Filing 920070507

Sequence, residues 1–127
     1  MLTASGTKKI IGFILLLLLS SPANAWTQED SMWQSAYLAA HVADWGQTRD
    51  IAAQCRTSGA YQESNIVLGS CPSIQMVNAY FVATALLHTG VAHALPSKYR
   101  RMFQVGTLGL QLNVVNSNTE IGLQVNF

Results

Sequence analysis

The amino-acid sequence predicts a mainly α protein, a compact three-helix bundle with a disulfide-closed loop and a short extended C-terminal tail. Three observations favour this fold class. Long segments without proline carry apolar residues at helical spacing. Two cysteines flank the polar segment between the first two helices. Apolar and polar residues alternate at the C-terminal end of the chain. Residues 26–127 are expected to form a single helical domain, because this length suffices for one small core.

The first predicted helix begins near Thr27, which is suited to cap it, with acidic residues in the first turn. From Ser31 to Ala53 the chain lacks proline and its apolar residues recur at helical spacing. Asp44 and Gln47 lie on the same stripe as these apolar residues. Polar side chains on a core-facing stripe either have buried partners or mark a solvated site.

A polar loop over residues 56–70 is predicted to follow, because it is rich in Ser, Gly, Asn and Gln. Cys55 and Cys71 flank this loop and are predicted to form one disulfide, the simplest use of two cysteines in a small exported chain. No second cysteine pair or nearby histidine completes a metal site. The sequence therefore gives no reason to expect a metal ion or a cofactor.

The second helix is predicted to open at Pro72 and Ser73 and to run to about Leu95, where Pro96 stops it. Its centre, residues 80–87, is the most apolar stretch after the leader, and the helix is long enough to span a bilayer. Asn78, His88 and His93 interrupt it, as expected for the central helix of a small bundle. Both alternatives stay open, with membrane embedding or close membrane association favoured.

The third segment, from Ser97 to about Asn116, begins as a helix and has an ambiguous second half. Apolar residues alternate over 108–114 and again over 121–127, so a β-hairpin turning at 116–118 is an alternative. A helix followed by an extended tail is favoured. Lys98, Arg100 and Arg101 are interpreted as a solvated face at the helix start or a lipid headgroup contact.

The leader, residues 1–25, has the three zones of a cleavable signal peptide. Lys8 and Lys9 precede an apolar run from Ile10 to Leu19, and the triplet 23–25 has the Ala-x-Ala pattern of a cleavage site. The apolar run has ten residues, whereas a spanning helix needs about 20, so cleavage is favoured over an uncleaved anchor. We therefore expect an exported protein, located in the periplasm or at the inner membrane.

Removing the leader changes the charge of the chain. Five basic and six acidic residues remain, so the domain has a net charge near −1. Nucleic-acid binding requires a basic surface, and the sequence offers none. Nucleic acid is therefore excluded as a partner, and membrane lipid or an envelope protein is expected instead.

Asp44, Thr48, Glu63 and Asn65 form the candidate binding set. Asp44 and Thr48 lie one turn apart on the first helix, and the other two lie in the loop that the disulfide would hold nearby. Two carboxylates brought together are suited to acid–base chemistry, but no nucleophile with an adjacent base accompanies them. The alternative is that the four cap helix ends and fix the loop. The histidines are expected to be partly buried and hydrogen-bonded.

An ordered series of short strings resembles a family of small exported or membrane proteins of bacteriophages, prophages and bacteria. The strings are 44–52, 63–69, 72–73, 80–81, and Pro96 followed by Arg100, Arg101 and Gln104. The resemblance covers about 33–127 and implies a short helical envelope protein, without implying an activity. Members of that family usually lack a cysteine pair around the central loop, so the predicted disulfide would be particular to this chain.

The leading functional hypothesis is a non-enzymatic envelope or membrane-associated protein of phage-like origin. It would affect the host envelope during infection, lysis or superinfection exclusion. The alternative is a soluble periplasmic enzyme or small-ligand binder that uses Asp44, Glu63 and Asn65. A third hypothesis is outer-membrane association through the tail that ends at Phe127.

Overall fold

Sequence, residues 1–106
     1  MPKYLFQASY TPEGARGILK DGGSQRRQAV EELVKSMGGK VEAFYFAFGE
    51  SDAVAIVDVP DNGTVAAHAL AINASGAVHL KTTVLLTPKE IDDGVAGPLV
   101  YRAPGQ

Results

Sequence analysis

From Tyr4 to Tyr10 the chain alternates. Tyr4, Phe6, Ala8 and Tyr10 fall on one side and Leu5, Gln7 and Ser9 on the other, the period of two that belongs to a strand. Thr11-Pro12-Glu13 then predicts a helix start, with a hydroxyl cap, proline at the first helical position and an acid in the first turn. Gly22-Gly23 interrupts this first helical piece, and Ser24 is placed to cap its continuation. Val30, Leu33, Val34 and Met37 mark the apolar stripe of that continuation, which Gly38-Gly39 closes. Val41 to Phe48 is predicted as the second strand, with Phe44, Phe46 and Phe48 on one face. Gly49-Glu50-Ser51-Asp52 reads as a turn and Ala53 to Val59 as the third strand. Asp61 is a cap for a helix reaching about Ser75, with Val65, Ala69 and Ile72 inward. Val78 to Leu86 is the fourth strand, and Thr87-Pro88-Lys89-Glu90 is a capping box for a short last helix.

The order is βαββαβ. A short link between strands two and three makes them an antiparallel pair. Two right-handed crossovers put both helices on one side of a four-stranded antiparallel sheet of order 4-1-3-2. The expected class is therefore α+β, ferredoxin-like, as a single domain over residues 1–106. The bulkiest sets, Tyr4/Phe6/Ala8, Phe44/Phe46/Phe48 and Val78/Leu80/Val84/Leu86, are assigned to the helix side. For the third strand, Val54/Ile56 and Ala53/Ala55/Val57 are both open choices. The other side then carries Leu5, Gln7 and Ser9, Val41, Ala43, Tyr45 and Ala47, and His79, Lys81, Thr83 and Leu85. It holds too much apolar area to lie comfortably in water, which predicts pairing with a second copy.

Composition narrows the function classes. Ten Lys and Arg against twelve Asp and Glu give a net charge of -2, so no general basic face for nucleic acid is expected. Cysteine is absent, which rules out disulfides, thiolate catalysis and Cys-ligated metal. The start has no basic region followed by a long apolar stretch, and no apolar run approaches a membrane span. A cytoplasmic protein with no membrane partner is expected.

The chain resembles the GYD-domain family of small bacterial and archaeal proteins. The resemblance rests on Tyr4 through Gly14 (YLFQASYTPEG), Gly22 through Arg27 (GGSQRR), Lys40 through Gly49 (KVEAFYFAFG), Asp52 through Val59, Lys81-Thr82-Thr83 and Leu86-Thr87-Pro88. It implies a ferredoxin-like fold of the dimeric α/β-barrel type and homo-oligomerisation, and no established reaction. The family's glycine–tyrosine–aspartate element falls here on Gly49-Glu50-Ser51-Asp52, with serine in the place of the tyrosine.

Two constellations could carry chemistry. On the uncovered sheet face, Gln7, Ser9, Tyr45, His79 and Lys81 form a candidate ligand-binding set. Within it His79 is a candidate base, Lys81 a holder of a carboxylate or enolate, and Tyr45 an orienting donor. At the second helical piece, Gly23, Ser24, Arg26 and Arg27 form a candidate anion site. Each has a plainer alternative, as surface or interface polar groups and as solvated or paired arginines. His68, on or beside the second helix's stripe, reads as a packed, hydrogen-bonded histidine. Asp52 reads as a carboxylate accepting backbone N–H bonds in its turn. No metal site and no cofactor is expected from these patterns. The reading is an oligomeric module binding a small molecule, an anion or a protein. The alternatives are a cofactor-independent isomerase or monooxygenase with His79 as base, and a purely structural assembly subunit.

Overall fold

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FOR PUBLICATION UNITED STATES COURT OF APPEALS FOR THE NINTH CIRCUIT AVRIL ADAMS, Plaintiff-Appellant, v. STATE OF CALIFORNIA DEPARTMENT OF HEALTH SERVICES, a public entity; DONNATA MORELAND; OAKTREE INVESTIGATIONS, a business entity and consumer reporting agency; LAURENCE A. CORBIN, individually as an investigator for Oak Tree Investigations; PATRICIA ECHARD; PAULETTE BAKER; PATRICK KENNELLY, individually and as a supervisor; LAVONNE COEN, Defendants-Appellees. No. 04-56880 D.C. No. CV-04-07313-GAF ORDER WITHDRAWING OPINION AND OPINION Appeal from the United States District Court for the Central District of California Gary A. Feess, District Judge, Presiding Submitted December 5, 2006* Pasadena, California Filed May 7, 2007 Before: Harry Pregerson, David R. Thompson, and Richard C. Tallman, Circuit Judges. *This panel unanimously finds this case suitable for decision without oral argument. See Fed. R. App. P. 34(a)(2). 5087 5088 ADAMS v. STATE OF CALIFORNIA Opinion by Judge Thompson 5090 ADAMS v. STATE OF CALIFORNIA COUNSEL B. Kwaku Duren, Los Angeles, California, for the appellant. Martin H. Milas, Deputy Attorney General, Los Angeles, California, for the appellees. ORDER The plaintiff-appellant's petition for panel rehearing is GRANTED. The opinion filed here on February 13, 2007, and published at ___ F.3d ___, 2007 WL 446582 is WITHDRAWN. A new opinion, replacing the withdrawn opinion, is filed with this Order. The parties are not precluded from filing further petitions for panel and en banc rehearing. ADAMS v. STATE OF CALIFORNIA 5091 OPINION THOMPSON, Senior Circuit Judge: Appellant Avril Adams appeals the district court's dismissal with prejudice of her complaint against Appellees the California Department of Health Services ("CDHS"); CDHS employees Donnata Moreland, La Vonne Coen, Patricia Echard, Paulette Baker, and Patrick Kennelly; and Oaktree Investigations and its employee, Laurence Corbin. We have jurisdiction under 28 U.S.C. 1291, and we affirm the district court's dismissal of Adams's complaint. I. BACKGROUND In January 2001, Adams applied for a food and drug inspector ("FDI") position with CDHS. Food and drug inspectors are peace officers and carry firearms; investigate violations; make arrests; and travel to food storage, processing facilities, and farms. Adams was offered the position she sought, but her actual hiring was conditioned upon her successful completion of a background investigation, including medical and psychological evaluations. Adams passed the psychological evaluation, but Dr. Stephen G. Weyers notified her that he had recommended restrictions on her ability to perform activities that required maximal exertion and balance. CDHS then advised Adams it was unable to accommodate her medical restrictions, and it withdrew the conditional job offer. Thereafter, Adams took a new treadmill stress test, and Dr. Weyers medically approved her without limitation for the food and drug investigator position. CDHS then withdrew its medical disqualification of Adams and notified her it would resume her selection process. Adams objected to further investigation. Thereafter, on March 14, 2003, CDHS sent Adams a letter notifying her that it had rescinded its conditional offer of employment. Four days 5092 ADAMS v. STATE OF CALIFORNIA later, on March 18, 2003, the State Personnel Board ("SPB") ruled on Adams's appeal of Dr. Weyers's decision to disqualify her for medical reasons. Because Dr. Weyers had subsequently approved her, the SPB granted Adams's appeal and advised her she would be appointed to the FDI position within 120 days unless she was unsuccessful in the balance of the selection process. According to Adams, CDHS then engaged Oaktree Investigations to interview CDHS employees about Adams's behavior during the selection process. Laurence Corbin of Oaktree Investigations interviewed CDHS employees Echard, Kennelly, Moreland, Coen, and Baker on March 27, 2003, and memorialized the results of the interviews in a report dated April 2, 2003. On April 1, 2003, Adams filed a petition for rehearing with the SPB, arguing that she should be appointed to the FDI position immediately because the selection process ended when she was deemed medically qualified. CDHS filed a response to Adams's petition on May 13, 2003, stating that it withdrew Adams's conditional offer of employment the second time because, during the completion of the investigation process, questions arose regarding Adams's suitability as a peace officer. The response detailed Adams's behavior during the selection process, which behavior included challenging a CDHS employee to a race during the SPB hearing; making numerous phone calls; and sending emails and letters to CDHS employees in which Adams's tone was "rude," "discourteous," "abrupt," "angry," and "challenging in a demeaning way." The response concluded that Adams did not possess the interpersonal skills, sound judgment, or the ability to follow directions necessary for being an effective peace officer. The SPB denied Adams's petition for rehearing on June 17, 2003. Adams filed a complaint in state court on November 10, 2003, naming CDHS, Coen, Moreland, and Dr. Weyers as ADAMS v. STATE OF CALIFORNIA 5093 defendants. Adams asserted claims for (1) retaliation in violation of 42 U.S.C. 1983; (2) violations of the Americans with Disabilities Act, 42 U.S.C. 12101-12213, and the California Fair Employment and Housing Act, Cal. Gov't Code 12900-12996; (3) denial of due process and civil rights in violation of 42 U.S.C. 1981, 1983, 1985; (4) breach of contract; (5) breach of the implied covenant of good faith and fair dealing; (6) negligence; and (7) declaratory relief. Adams sought damages and a declaration from the court that CDHS's withdrawal of the conditional offer of employment was unlawful. Adams's complaint also detailed the facts behind the reopening of the background investigation to support her claims for negligence, violations of 42 U.S.C. 1981, 1983, 1985, breach of contract, and declaratory relief. In her complaint, Adams did not allege separate claims under the Fair Credit Reporting Act ("FCRA"), 15 U.S.C. 1681-1681x., or state privacy law, although she alleged that the act of resuming the background investigation was prejudicial, illegal, unreasonable, discriminatory, retaliatory, and arguably illegal in violation of the FCRA and due process. Adams's action was removed to federal court on December 8, 2003. Adams v. Cal. Dep't of Health Servs., No. CV-038920 (C.D. Cal. filed Dec. 8, 2003). The district court issued a scheduling order setting March 26, 2004, as the deadline for filing motions to amend the complaint or add additional parties. On July 1, 2004, well past the March 26, 2004 deadline set in the scheduling order, Adams filed a motion for leave to amend her complaint. Adams wanted to add as defendants Oaktree Investigations and Oaktree investigator Corbin, as well as CDHS employees Echard, Baker, and Kennelly. In her proposed amended complaint she alleged four additional claims: (1) violation of the FCRA; (2) violation of the California Investigative Consumer Reporting Agencies Act 5094 ADAMS v. STATE OF CALIFORNIA ("ICRA"), Cal. Civ. Code 1786-1786.60; (3) infringement of her civil and constitutional rights in violation of 42 U.S.C. 1981, 1983, 1985; and (4) declaratory relief. Finding that Adams failed to demonstrate good cause for the undue delay in seeking leave to amend, and that granting her motion to amend would prejudice the defendants already named in her complaint, the district court denied Adams's motion as untimely. The action then proceeded to trial, and a jury found in favor of the defendants. Adams appealed the denial of her motion for leave to amend, among other issues, to our court. In a memorandum disposition, we affirmed the district court's decisions and the judgment in that first case. Adams v. State of Cal. Dep't of Health Servs., No. 05-56857, 2007 WL 464741 (9th Cir. Feb. 7, 2007). On September 2, 2004, after the district court denied her motion for leave to amend in the first case, Adams filed the complaint in this present case. In her complaint in this case, Adams set forth the four additional claims she had sought to add by her previously denied motion for leave to amend her complaint in the first case. In the present case, the district court determined that Adams's newly filed complaint was duplicative of the complaint she had previously filed in the other case, and the court dismissed the new complaint with prejudice. This appeal followed. II. STANDARD OF REVIEW District courts retain broad discretion to control their dockets and "[i]n the exercise of that power they may impose sanctions including, where appropriate, default or dismissal." Thompson v. Hous. Auth. of City of Los Angeles, 782 F.2d 829, 831 (9th Cir. 1986) (per curiam); see also Link v. Wabash R.R., 370 U.S. 626, 629-30 (1962). We review for abuse of discretion the district court's dismissal with prejudice of Adams's complaint. After weighing the equities of the case, the district court may exercise its discretion to dismiss ADAMS v. STATE OF CALIFORNIA 5095 a duplicative later-filed action, to stay that action pending resolution of the previously filed action, to enjoin the parties from proceeding with it, or to consolidate both actions. See Curtis v. Citibank, N.A., 226 F.3d 133, 138-39 (2d Cir. 2000); Walton v. Eaton Corp., 563 F.2d 66, 70-71 (3d Cir. 1977) (en banc), cited with approval in Russ v. Standard Ins. Co., 120 F.3d 988, 990 (9th Cir. 1997). III. DISCUSSION [1] Adams filed her present complaint in an attempt to avoid the consequences of her own delay and to circumvent the district court's denial of her untimely motion for leave to amend her first complaint. However, as the Tenth Circuit stated in Hartsel Springs Ranch of Colorado, Inc. v. Bluegreen Corp., "the fact that plaintiff was denied leave to amend does not give h[er] the right to file a second lawsuit based on the same facts." 296 F.3d 982, 989 (10th Cir. 2002) (internal quotation marks omitted). Plaintiffs generally have "no right to maintain two separate actions involving the same subject matter at the same time in the same court and against the same defendant." Walton, 563 F.2d at 70; see also Curtis, 226 F.3d at 138-39; Serlin v. Arthur Andersen & Co., 3 F.3d 221, 22324 (7th Cir. 1993); Oliney v. Gardner, 771 F.2d 856, 859 (5th Cir. 1985); Zerilli v. Evening News Ass'n, 628 F.2d 217, 222 (D.C. Cir. 1980); Sutcliffe Storage & Warehouse Co. v. United States, 162 F.2d 849, 851 (1st Cir. 1947). We find that Adams's later-filed complaint is duplicative of her earlier-filed complaint and, further, that given the circumstances of this case, the district court did not abuse its discretion in dismissing Adams's later-filed complaint with prejudice.1 We note that we are affirming the district court's dismissal on the basis that the second action was duplicative of the first, and not on the basis that the district court had the discretion to dismiss the second action as a sanction for failing to comply with the Rule 16 scheduling order issued in the 1 5096 ADAMS v. STATE OF CALIFORNIA A. Duplicative Complaint To determine whether a suit is duplicative, we borrow from the test for claim preclusion. As the Supreme Court stated in United States v. The Haytian Republic, "the true test of the sufficiency of a plea of `other suit pending' in another forum [i]s the legal efficacy of the first suit, when finally disposed of, as `the thing adjudged,' regarding the matters at issue in the second suit." 154 U.S. 118, 124 (1894); see also Hartsel Springs Ranch, 296 F.3d at 987 n.1 ("[I]n the claim-splitting context, the appropriate inquiry is whether, assuming that the first suit were already final, the second suit could be precluded pursuant to claim preclusion."); Curtis, 226 F.3d at 139-40 ("[T]he normal claim preclusion analysis applies and the court must assess whether the second suit raises issues that should have been brought in the first."); Davis v. Sun Oil Co., 148 F.3d 606, 613 (6th Cir. 1998) (per curiam) (referring to the doctrine against claim-splitting as "the `other action pending' facet of the res judicata doctrine"). [2] Thus, in assessing whether the second action is duplicative of the first, we examine whether the causes of action and relief sought, as well as the parties or privies to the action, are the same. See The Haytian Republic, 154 U.S. at 124 ("There must be the same parties, or, at least, such as represent the same interests; there must be the same rights asserted and the first action. Cf. Atchinson, Topeka, & Santa Fe Ry. Co. v. Hercules, Inc., 146 F.3d 1071, 1073-74 (9th Cir. 1998) (holding that district court abused its discretion in dismissing a second-filed action with prejudice where plaintiff's claims against a third-party defendant were permissive, not mandatory, under Federal Rule of Civil Procedure 14). Unlike the plaintiff in Atchinson, Adams was required to bring all of her claims against the defendants and their privies arising from a single cause of action in one suit. Thus, because the filing of a duplicative complaint was abusive, our affirmance of the district court's dismissal does not contravene the rule established in Atchinson that "district courts have inherent power to control their dockets, but not when its exercise would nullify the procedural choices reserved to parties under the federal rules." Id. at 1074. ADAMS v. STATE OF CALIFORNIA 5097 same relief prayed for; the relief must be founded upon the same facts, and the . . . essential basis, of the relief sought must be the same." (internal quotation marks omitted)); Curtis, 226 F.3d at 140 (holding that the trial court did not abuse its discretion in dismissing "Curtis II claims arising out of the same events as those alleged in Curtis I," which claims "would have been heard if plaintiffs had timely raised them"); Serlin, 3 F.3d at 223 ("[A] suit is duplicative if the claims, parties, and available relief do not significantly differ between the two actions." (internal quotation marks omitted)). 1. Same Causes of Action [3] We examine first whether the causes of action in Adams's two suits are identical. To ascertain whether successive causes of action are the same, we use the transaction test, developed in the context of claim preclusion. "Whether two events are part of the same transaction or series depends on whether they are related to the same set of facts and whether they could conveniently be tried together." Western Sys., Inc. v. Ulloa, 958 F.2d 864, 871 (9th Cir. 1992) (citing Restatement (Second) of Judgments 24(1) (1982)). In applying the transaction test, we examine four criteria: (1) whether rights or interests established in the prior judgment would be destroyed or impaired by prosecution of the second action; (2) whether substantially the same evidence is presented in the two actions; (3) whether the two suits involve infringement of the same right; and (4) whether the two suits arise out of the same transactional nucleus of facts. Constantini v. Trans World Airlines, 681 F.2d 1199, 1201-02 (9th Cir. 1982). "The last of these criteria is the most important." Id. at 1202. [4] Here, it is clear that the two actions share a common transactional nucleus of facts. The first complaint detailed the 5098 ADAMS v. STATE OF CALIFORNIA factual allegations surrounding the reopening of Adams's background investigation and used those allegations to support claims under the legal theories of negligence; violations of 42 U.S.C. 1981, 1983, 1985; breach of contract; and declaratory relief. Adams's first complaint specifically cited as support for her claims against Coen, Moreland, and Dr. Weyers under 42 U.S.C. 1981, 1983, 1985, the same negative comments from CDHS employees during the selection process that she used to support her claims in the present action. The present complaint differs only in that it identifies the CDHS employees who made the negative comments, names those CDHS employees and Corbin and Oaktree Investigations as defendants, and advances two new legal theories of recovery under the FCRA and the ICRA. The two other claims -- one under 42 U.S.C. 1981, 1983, 1985 and one seeking declaratory relief -- are identical to those asserted in the first complaint. As Adams herself concedes, the claims in both complaints relate to the same set of facts and form a convenient trial unit because they "disclose[ ] a cohesive narrative" of Adams's relationship with CDHS and the disputed withdrawal of the conditional job offer after the continuation of the background investigation. Mpoyo v. Litton ElectroOptical Sys., 430 F.3d 985, 987 (9th Cir. 2005). [5] In addition, any judgment in the present action necessarily would destroy or impair rights and interests established by the judgment in the first action. As Adams alleges in her present complaint, both the FCRA and the ICRA require consent to and disclosure of an investigation. See 15 U.S.C. 1681b(b); Cal. Civil Code 1786.10-.12. However, the central issues raised in the present complaint surrounding the legality of the reopening of Adams's background investigation -- whether the selection process was complete after Adams was medically cleared, whether CDHS lost the right to resume the background investigation when it rescinded for the first time Adams's conditional offer of employment, or whether the background investigation had never been completed and Adams's consent to the investigation remained ADAMS v. STATE OF CALIFORNIA 5099 valid -- were squarely raised and argued by Adams in her claim for declaratory relief in the first complaint. Furthermore, although Adams argues that the additional report she uncovered on January 17, 2004, written by Oaktree Investigations and containing affidavits from Kennelly, Echard, and Baker, constitutes "new" evidence, the report cannot be said to be "new" in any sense because, as Adams states in her complaint, it was dated April 3, 2003 and was provided to Adams by CDHS during discovery in the first action. In addition, the report is merely cumulative of CDHS's response of May 13, 2003 to Adams's petition for rehearing before the SPB, which explained that CDHS had withdrawn Adams's conditional offer of employment because of her behavior in the balance of the selection process. Adams in her first complaint quotes liberally from CDHS's response as factual support for her claims. Thus, the additional evidentiary detail surrounding Echard's and Baker's comments in the Oaktree Investigations report "is scarcely enough to establish that the instant lawsuit arises out of a different `transactional nucleus of facts' than that which generated the [first] suit." Constantini, 681 F.2d at 1202; cf. Int'l Union of Operating Eng'rs-Employers Constr. Indus. Pension, Welfare & Training Trust Funds v. Karr, 994 F.2d 1426, 1430 (9th Cir. 1993) ("The fact that some different evidence may be presented in this action . . . does not defeat the bar of res judicata."). In addition, the key evidence presented during trial in the first action regarding Adams's claim of retaliation was the testimony of CDHS employees Moreland and Coen concerning Adams's behavior during the selection process. Kennelly, Echard, Baker, and Corbin all submitted declarations in the first action regarding the information gathered during the reopened background investigation in support of CDHS's motion for summary judgment. As the district court stated in its order denying Adams's motion for a new trial in the first action, "[t]his case largely turned on the jury's assessment of 5100 ADAMS v. STATE OF CALIFORNIA the credibility of the defendants, who explained why they determined not to finalize their conditional offer of employment to [Adams]." [6] Finally, although the FCRA and the ICRA establish distinct rights enforceable by litigants, this factor alone does not differentiate the causes of action. Cf. Derish v. San MateoBurlingame Bd. of Realtors, 724 F.2d 1347, 1349 (9th Cir. 1983), overruling on other grounds recognized by Eichman v. Fotomat Corp., 759 F.2d 1434, 1437 (9th Cir. 1985). Indeed, in the claim preclusion context, the most significant factor is that the causes of action arise from a common transactional nucleus of facts. See, e.g., Western Sys., 958 F.2d at 871; C.D. Anderson & Co. v. Lemos, 832 F.2d 1097, 1100 (9th Cir. 1987); Constantini, 681 F.2d at 1201. Moreover, Adams seeks substantially the same relief in both actions -- compensatory, exemplary, and punitive damages for the reopening of the background investigation and the withdrawal of her conditional offer of employment, allegedly in violation of her statutory and constitutional rights, and a declaratory judgment that CDHS unlawfully reopened her background investigation and withdrew her conditional offer of employment. [7] It is clear that the claims in Adams's present complaint arise out of the same transactional nucleus of facts asserted in her first action and that rights established by the judgment in the first action would be destroyed or impaired by a judgment in the present action. It is also plain that substantially the same evidence was and would be presented in both actions. Thus, under the Costantini factors, we conclude that the two suits involve the same cause of action. 2. Same Parties or Privies [8] While Adams's present complaint names five additional defendants, these new defendants are in privity with CDHS, because CDHS can be said to have "virtually represented" the new defendants in the first action. See Kourtis v. Cameron, ADAMS v. STATE OF CALIFORNIA 5101 419 F.3d 989, 996 (9th Cir. 2005). Although the concept of privity traditionally applied to a narrow class of relationships in which "a person [is] so identified in interest with a party to former litigation that he represents precisely the same right in respect to the subject matter involved," we have expanded the concept to include a broader array of relationships which fit under the title of "virtual representation." Id. (internal quotation marks omitted). The necessary elements of virtual representation are an identity of interests and adequate representation. Id. Additional features of a virtual representation relationship include " `a close relationship, substantial participation, and tactical maneuvering.' " Id. (quoting Irwin v. Mascott, 370 F.3d 924, 930 (9th Cir. 2004)). [9] Here, three of the new defendants -- Patricia Echard, Paulette Baker, and Patrick Kennelly -- were employees of CDHS at the time of the events described in both of Adams's complaints and thus had a close relationship with both CDHS and the CDHS employees named as defendants in the first complaint. See Irwin, 370 F.3d at 930-31 (finding senior corporate officer virtually represented by his corporation). In addition, all three participated in the first action by submitting in support of CDHS's motion for summary judgment declarations regarding their participation in Adams's background investigation. Moreover, the interests of the three new employee-defendants are aligned with CDHS because CDHS's liability was predicated largely upon a finding of wrongdoing by its employees. Furthermore, although the last two new defendants, Laurence Corbin and Oaktree Investigations, are not employees of CDHS, they maintained a close relationship with CDHS as agents hired to conduct the background investigation and possessed an identity of interest with CDHS. Corbin and Oaktree Investigations also participated in the first action by submitting declarations in support of CDHS's motion for summary judgment. 5102 ADAMS v. STATE OF CALIFORNIA [10] Finally, CDHS adequately represented the five new defendants named in the present action and Adams makes no allegations to the contrary. CDHS consistently maintained that the reopening of the background investigation and the withdrawal of Adams's job offer were legal and proper under the circumstances and that its employees and agents acted lawfully. No conflicts central to the issues in this litigation exist between CDHS and the five new defendants. Cf. Kourtis, 419 F.3d at 998 (concluding no virtual representation existed where an agency relationship existed, but the interests of the parties were adverse). B. No Abuse of Discretion Although the district court alternatively could have opted to dismiss Adams's later-filed complaint without prejudice, to consolidate the two actions, or to stay or enjoin proceedings, under the circumstances of this case, the district court did not abuse its discretion in electing to dismiss the second action with prejudice.2 Cf. Kerotest Mfg. Co. v. C-O-Two Fire Equip. We recognize that in some circumstances a dismissal with prejudice of a later-filed action may act to bar an earlier-filed action. See, e.g., Marin v. HEW, Health Care Fin. Agency, 769 F.2d 590, 593 (9th Cir. 1985) ("Even without a determination which is literally on the merits, a denial with prejudice may be a final judgment with a res judicata effect as long as the result is not unfair." (emphasis added)). However, according res judicata effect to the dismissal with prejudice of the second suit would be error in this case because Adams would have been deprived of a full and fair opportunity to litigate her first action. See Kremer v. Chem. Constr. Corp., 456 U.S. 461, 480-81 (1982) ("the judicially created doctrine of collateral estoppel does not apply when the party against whom the earlier decision is asserted did not have a `full and fair opportunity' to litigate the claim or issue"); Clements v. Airport Auth., 69 F.3d 321, 328 (9th Cir. 1995) ("[W]e do not give preclusive effect to judgments rendered in proceedings that fail to comply with the minimum standards of due process. In other words, the party against whom preclusion is urged must have had a `full and fair opportunity' to litigate his claim."). In any case, the issue is moot as the defendants here never sought to assert res judicata as a defense in the first action. See Fed. R. Civ. P. 8(c) (res judicata is affirmative defense); Peterson v. Highland Music, Inc., 140 F.3d 1313, 1321 (9th Cir. 1998) ("Res judicata is a waivable defense."). 2 ADAMS v. STATE OF CALIFORNIA 5103 Co., 342 U.S. 180, 183 (1952) ("Wise judicial administration, giving regard to conservation of judicial resources and comprehensive disposition of litigation, does not counsel rigid mechanical solution of such problems."). In a situation such as here, where one district court had duplicative suits contemporaneously pending on its docket, we conclude, as did the Supreme Court in an analogous situation, that "[n]ecessarily, an ample degree of discretion, appropriate for disciplined and experienced judges, must be left to the lower court[ ]." Id. at 183-84; see also id. at 184 ("Even if we had more doubts than we do about the analysis made by the Court of Appeals, we would not feel justified in displacing its judgment with ours."). [11] Dismissal of the duplicative lawsuit, more so than the issuance of a stay or the enjoinment of proceedings, promotes judicial economy and the "comprehensive disposition of litigation." Id. at 183. In dismissing the duplicative suit with prejudice, the district court acted to protect the parties from vexatious and expensive litigation and to serve the societal interest in bringing an end to disputes. Cf. Allen v. McCurry, 449 U.S. 90, 94 (1980) (res judicata relieves parties of cost of multiple lawsuits, conserves judicial resources, and encourages reliance on adjudication); Brown v. Felsen, 442 U.S. 127, 131 (1979) (res judicata "encourages reliance on judicial decisions, bars vexatious litigation, and frees the courts to resolve other disputes"); 18 Moore's Federal Practice 131.12 (3d ed. 1999). While we might have found an abuse of discretion had the claims in Adams's second suit been based on events occurring subsequent to the filing of her complaint in the first action, that is not the case here. Cf. Curtis, 226 F.3d at 139-40 (reversing the district court's dismissal of claims in the second action arising out of events occurring subsequent to the filing of complaint in the first action). To the contrary, Adams had a full and fair opportunity to raise and litigate in her first action the claims she now asserts in this action. Cf. Parklane 5104 ADAMS v. STATE OF CALIFORNIA Hosiery Co. v. Shore, 439 U.S. 322, 328 (1979) ("[T]he requirement of determining whether the party against whom an estoppel is asserted had a full and fair opportunity to litigate is a most significant safeguard." (internal quotation marks omitted)); Ross v. Int'l Bhd. of Elec. Workers, 634 F.2d 453, 458 (9th Cir. 1980) ("The question [before applying res judicata to bar the second suit] is . . . whether [plaintiff] had a fair opportunity to litigate that claim before a competent court prior to bringing it to the court below."). The allegedly illegal background investigation conducted by Oaktree Investigations occurred in March 2003, eight months before Adams filed her first action in state court in November 2003. In addition, the April 2003 Oaktree Investigations report upon which Adams bases her claims under the FCRA and the ICRA was made available to Adams as part of the discovery materials provided by CDHS. Adams herself admits that she uncovered this report on January 17, 2004, more than two months prior to the deadline in the first action for amending the complaint. Moreover, it is clear that Adams had knowledge of the factual basis undergirding her FCRA and ICRA claims when she filed the complaint in the first action. Adams's petition for rehearing to the SPB squarely raised the issue of whether CDHS was permitted to resume its background investigation of her after the medical disqualification was withdrawn. In addition, the facts surrounding the allegedly illegal background investigation were laid out in CDHS's response of May 2003 to Adam's petition for rehearing before the SPB; CDHS used the information gleaned from the March 2003 investigation as additional support for its withdrawal of Adams's conditional offer of employment. Significantly, Adams in her first complaint outlined the facts gleaned from the reopened background investigation and posited that the reopening of the investigation was "arguably illegal based upon the Fair Credit Reporting Act." ADAMS v. STATE OF CALIFORNIA 5105 [12] Adams was required to bring at one time all of the claims against a party or privies relating to the same transaction or event. See N. Assur. Co. of Am. v. Square D Co., 201 F.3d 84, 88 (2d Cir. 2000); Nilsen v. City of Moss Point, 701 F.2d 556, 564 (5th Cir. 1983) (en banc); Restatement (Second) of Judgments 25, cmt. b (1982) ("It is immaterial that the plaintiff in the first action sought to prove the acts relied on in the second action and was not permitted to do so because they were not alleged in the complaint and an application to amend the complaint came too late."). [13] The district court acted within its discretion in dismissing Adams's duplicative complaint with prejudice and preventing her from "fragment[ing] a single cause of action and [ ] litigat[ing] piecemeal the issues which could have been resolved in one action." Flynn v. State Bd. of Chiropractic Exam'rs, 418 F.2d 668, 668 (9th Cir. 1969) (per curiam). AFFIRMED.